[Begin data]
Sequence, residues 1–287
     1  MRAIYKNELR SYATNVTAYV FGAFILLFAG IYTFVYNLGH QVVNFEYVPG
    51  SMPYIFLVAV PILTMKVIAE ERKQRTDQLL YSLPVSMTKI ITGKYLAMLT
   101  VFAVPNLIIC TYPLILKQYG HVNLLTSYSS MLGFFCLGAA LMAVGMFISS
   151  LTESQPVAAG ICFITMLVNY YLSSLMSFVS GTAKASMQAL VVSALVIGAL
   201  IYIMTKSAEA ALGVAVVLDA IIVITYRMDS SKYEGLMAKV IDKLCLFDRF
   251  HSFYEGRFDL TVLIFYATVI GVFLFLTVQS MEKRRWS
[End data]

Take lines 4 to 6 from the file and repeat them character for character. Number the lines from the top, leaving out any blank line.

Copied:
   101  VFAVPNLIIC TYPLILKQYG HVNLLTSYSS MLGFFCLGAA LMAVGMFISS
   151  LTESQPVAAG ICFITMLVNY YLSSLMSFVS GTAKASMQAL VVSALVIGAL
   201  IYIMTKSAEA ALGVAVVLDA IIVITYRMDS SKYEGLMAKV IDKLCLFDRF